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20 Years on Serbs Refuse to Call Srebrenica 'Genocide'

Their leaders have paid their respects to the victims, begged forgiveness "on their knees," and deplored a "heinous crime," but Serbia and Serbs still stubbornly refuse to call the Srebrenica massacre a genocide, experts say.

International courts have ruled that the 1995 killing of nearly 8,000 Muslim men and boys in the ill-fated Bosnian town by Serb forces was genocide, "but here it is difficult to say that word," prominent independent political analyst Vladimir Goati said.

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All Eyes on European Central Bank after Greek Vote

All eyes turned to the European Central Bank Monday following the resounding 'No' in Greece's referendum, as it is seen as the only institution capable of stemming market panic and preventing the Greek economy from collapsing.

In Sunday's referendum, more than 61 percent of Greeks rejected creditor demands for further austerity in return for more bailout funds, sending Greece's eurozone partners scrambling to respond. 

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Fearing Change in Sweetheart Deal, Cubans Flock to U.S.

The number of Cubans heading to the U.S. has surged in the months since the historic thaw in bilateral relations -- a swell experts attribute to uncertainty over the future of U.S. policy that favors such travelers.

According to the U.S. Customs Department, 9,371 Cuban migrants came into the U.S. between January and March, more than twice the number from the same period in 2014.

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Rising Jihadist Insurgency Challenges Sisi in Sinai

Despite a two-year campaign, Egypt is facing an increasingly powerful and sophisticated insurgency in the Sinai Peninsula and the jihadist hotbed is emerging as President Abdel Fattah al-Sisi's biggest challenge.

The arid and rugged peninsula bordering Israel and the Gaza Strip has long been a breeding ground for militancy, especially from Bedouin tribes who have complained of being marginalized by Cairo.

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U.S., Cuba Diplomatic Posts Witnessed Decades of Cold War Drama

The buildings that will become U.S. and Cuban embassies in their neighbor's respective capitals on July 20 have seen over five decades of Cold War protests, provocations and strains.

Now, with the longtime enemies finally putting aside all that enmity, Presidents Barack Obama and Raul Castro have exchanged letters agreeing to restore full diplomatic ties.

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'Grexit' or Not, Greece Will Find Kicking Euro Habit Hard

No matter what the political outcome of the current Greek debt crisis, in practical terms Greece will find it very difficult to turn its back on the euro.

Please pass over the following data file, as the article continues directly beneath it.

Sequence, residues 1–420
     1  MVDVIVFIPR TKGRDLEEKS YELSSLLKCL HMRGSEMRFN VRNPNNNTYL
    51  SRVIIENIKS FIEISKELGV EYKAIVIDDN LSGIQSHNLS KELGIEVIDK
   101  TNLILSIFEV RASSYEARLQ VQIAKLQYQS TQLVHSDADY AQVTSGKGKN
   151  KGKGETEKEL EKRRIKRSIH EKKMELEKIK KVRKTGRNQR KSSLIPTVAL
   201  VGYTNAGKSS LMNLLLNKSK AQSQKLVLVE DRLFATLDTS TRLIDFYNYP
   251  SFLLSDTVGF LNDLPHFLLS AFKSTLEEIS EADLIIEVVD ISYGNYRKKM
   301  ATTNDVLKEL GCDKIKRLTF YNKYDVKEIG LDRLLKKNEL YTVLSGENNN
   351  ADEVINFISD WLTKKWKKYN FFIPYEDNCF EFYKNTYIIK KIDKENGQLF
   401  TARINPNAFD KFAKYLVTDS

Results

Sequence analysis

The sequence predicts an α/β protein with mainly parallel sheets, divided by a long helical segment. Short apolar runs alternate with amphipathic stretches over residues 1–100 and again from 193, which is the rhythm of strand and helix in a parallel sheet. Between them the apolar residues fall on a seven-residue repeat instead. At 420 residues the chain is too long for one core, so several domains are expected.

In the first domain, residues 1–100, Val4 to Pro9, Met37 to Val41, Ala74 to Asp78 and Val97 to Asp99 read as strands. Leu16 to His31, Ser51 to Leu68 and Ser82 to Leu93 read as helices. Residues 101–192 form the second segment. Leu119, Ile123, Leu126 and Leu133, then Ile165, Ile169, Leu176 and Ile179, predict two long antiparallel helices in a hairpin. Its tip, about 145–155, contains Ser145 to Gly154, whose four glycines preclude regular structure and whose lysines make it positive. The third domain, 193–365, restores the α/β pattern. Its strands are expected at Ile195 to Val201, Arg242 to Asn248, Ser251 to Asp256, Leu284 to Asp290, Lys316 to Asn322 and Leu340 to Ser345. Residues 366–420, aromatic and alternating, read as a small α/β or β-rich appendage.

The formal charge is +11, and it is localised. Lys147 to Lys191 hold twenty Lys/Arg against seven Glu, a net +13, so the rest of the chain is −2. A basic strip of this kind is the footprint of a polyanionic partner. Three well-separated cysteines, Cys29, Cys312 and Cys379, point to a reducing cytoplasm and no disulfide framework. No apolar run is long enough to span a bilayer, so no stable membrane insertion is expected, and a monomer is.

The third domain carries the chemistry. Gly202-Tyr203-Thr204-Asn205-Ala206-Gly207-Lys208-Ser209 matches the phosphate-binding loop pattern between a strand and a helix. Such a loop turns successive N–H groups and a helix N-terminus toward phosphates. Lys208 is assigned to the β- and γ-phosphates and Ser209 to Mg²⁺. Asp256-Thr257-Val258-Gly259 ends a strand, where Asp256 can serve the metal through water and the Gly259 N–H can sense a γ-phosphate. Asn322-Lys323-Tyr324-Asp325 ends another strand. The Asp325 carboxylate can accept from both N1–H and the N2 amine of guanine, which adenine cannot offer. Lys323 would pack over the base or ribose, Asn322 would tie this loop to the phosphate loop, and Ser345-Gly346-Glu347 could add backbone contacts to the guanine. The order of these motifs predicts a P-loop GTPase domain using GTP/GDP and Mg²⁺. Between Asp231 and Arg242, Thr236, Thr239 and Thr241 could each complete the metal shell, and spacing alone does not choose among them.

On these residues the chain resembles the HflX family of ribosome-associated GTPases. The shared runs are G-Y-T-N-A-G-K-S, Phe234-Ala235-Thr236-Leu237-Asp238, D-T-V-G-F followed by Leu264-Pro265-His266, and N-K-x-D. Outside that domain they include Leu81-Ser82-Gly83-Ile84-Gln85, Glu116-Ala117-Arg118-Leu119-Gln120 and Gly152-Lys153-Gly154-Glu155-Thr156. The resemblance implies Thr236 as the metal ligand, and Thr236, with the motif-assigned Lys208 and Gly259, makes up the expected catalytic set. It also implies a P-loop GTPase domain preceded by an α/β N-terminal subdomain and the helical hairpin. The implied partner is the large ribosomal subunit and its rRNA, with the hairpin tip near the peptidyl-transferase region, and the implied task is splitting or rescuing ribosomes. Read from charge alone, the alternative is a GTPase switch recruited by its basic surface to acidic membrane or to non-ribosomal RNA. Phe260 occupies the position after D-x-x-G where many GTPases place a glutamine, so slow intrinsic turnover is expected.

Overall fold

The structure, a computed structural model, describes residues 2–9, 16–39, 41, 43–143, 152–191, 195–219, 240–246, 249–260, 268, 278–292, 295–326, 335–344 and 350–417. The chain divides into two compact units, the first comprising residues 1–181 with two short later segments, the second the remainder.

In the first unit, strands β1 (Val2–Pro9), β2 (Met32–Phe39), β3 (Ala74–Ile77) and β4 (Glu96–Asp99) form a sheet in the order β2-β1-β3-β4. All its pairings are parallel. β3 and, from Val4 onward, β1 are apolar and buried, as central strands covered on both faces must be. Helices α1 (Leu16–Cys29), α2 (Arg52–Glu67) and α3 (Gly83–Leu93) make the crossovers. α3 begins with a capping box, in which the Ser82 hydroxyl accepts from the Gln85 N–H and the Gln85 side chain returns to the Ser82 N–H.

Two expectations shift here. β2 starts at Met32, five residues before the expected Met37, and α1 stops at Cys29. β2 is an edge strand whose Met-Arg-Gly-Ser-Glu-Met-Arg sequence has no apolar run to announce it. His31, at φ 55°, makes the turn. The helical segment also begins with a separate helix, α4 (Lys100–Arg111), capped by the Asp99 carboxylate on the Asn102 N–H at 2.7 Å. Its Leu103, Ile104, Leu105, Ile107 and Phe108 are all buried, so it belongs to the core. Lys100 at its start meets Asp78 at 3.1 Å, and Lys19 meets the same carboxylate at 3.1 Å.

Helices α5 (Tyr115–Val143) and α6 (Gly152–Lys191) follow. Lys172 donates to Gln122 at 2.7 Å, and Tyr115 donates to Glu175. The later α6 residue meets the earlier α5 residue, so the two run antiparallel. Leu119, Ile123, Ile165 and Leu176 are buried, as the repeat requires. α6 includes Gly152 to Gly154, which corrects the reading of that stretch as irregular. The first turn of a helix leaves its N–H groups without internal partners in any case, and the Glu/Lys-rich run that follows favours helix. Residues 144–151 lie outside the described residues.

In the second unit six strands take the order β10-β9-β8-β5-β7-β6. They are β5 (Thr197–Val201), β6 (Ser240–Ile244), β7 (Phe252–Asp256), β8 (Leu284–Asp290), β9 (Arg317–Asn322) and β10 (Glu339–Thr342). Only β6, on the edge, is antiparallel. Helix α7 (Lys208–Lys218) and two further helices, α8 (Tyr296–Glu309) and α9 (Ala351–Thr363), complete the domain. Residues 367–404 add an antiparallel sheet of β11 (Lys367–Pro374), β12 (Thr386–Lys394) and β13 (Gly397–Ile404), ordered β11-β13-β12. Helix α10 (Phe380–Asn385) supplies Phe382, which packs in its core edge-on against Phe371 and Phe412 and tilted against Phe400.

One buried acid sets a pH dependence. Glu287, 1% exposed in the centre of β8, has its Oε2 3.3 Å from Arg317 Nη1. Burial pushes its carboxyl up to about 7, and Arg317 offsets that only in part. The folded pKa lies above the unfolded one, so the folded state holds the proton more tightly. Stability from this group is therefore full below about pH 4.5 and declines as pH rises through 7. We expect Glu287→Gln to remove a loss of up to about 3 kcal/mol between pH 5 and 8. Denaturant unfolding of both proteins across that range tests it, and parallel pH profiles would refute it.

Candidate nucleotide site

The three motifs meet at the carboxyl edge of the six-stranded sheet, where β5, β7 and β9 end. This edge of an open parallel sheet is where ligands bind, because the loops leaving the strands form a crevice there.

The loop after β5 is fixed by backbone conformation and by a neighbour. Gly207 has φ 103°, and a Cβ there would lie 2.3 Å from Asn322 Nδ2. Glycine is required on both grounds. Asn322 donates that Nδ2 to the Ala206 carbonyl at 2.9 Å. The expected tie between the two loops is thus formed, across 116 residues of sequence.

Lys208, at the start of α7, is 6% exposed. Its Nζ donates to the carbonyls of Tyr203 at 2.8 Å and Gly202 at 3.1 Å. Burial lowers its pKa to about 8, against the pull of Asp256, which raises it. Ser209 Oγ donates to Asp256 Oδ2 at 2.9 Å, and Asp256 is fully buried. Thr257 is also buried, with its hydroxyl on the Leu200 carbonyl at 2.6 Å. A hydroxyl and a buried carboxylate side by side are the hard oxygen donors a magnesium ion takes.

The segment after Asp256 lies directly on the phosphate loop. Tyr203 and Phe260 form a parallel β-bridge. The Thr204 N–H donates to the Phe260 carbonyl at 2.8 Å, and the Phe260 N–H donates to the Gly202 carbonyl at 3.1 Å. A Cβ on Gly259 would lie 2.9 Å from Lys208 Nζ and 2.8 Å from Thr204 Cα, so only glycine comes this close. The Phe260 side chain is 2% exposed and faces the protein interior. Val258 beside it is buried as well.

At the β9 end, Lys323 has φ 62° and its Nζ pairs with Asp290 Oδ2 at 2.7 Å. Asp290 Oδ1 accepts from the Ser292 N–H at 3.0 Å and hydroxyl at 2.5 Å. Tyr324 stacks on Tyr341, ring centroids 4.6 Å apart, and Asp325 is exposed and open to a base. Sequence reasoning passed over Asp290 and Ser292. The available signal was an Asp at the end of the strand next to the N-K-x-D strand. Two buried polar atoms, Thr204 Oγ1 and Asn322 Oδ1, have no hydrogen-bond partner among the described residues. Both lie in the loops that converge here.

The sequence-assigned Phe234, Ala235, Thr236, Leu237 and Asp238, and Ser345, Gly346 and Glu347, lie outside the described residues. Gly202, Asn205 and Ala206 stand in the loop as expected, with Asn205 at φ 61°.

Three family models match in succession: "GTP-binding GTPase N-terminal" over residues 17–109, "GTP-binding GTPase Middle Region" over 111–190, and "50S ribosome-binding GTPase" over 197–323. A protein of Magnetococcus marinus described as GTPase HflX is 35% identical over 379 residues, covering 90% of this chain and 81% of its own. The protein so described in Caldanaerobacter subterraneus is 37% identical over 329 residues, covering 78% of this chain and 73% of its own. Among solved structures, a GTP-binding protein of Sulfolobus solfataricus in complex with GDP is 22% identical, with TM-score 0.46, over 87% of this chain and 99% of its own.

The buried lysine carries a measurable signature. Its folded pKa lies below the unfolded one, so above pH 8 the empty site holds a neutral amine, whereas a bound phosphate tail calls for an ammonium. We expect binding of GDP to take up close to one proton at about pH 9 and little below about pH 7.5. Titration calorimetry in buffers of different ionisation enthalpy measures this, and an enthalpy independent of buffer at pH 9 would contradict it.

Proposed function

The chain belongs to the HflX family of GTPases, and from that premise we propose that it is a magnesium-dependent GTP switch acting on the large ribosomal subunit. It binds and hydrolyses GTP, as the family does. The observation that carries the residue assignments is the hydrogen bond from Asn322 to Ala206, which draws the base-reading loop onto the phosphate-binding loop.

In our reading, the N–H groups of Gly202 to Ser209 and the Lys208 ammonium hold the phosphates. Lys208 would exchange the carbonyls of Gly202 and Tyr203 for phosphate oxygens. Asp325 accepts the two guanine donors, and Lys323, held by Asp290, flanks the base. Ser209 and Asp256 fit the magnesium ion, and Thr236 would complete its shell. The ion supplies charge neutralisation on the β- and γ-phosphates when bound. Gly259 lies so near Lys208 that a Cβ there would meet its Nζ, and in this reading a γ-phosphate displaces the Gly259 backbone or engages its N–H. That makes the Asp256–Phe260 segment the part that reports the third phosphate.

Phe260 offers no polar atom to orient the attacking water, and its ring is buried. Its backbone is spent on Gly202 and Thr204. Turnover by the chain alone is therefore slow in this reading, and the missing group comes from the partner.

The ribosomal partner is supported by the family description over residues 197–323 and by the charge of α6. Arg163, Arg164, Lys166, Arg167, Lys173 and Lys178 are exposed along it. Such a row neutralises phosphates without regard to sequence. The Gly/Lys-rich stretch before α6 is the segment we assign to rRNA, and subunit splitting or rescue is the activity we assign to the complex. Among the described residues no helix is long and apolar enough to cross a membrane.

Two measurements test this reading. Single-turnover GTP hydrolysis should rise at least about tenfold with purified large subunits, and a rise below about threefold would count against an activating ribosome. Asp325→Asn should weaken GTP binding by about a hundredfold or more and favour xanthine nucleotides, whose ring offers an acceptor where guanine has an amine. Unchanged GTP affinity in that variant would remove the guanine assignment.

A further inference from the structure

On Sunday the Greek nation goes to the polls in what European leaders say is effectively a vote on whether or not to stay in the eurozone.

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Deal or No Deal, Iran President Faces Headaches at Home

Iran's president has been pursuing a nuclear agreement for two years but even if a deal is reached Hassan Rouhani and his government will soon face mounting political pressure at home.

Having sought to end the nuclear crisis -- and with it the international sanctions that have paralyzed Iran's economy -- Rouhani's fate is often seen as inextricably linked to the negotiations.

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IS Threat Grows as 'Caliphate' Enters Second Year

The Islamic State group's "caliphate" enters its second year Monday with the jihadists expanding their territory in Syria and Iraq and their global reach by claiming attacks in Tunisia and Kuwait.

The extremist group headed by Abu Bakr al-Baghdadi announced on June 29, 2014 that it was reviving a form of Islamic government known as the "caliphate", pledging it would "remain and expand".

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Greece Sets Sail for Choppy, Uncharted Waters

By snubbing a bailout deal and slapping capital controls on its banks Greece has set a course into choppy, uncharted waters that could lead to fresh economic upheaval and a euro exit.

After five months of torturous negotiations and just days away from a default, Greece's radical leftist Prime Minister Alexis Tsipras threw the political equivalent of a curve ball by calling a referendum on the bailout proposals for next Sunday.

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Tunisia Faces Tough Task in Countering Extremist Threat

Just three months after an attack on the National Bardo Museum, Tunisia is reeling from an even deadlier attack on tourists, raising questions about its ability to counter the jihadist threat.

Friday's assault by a Tunisian student at a popular resort at Port El Kantaoui that killed 38 people illustrates the complexity of the challenges ahead for Tunisia four years after its revolution.

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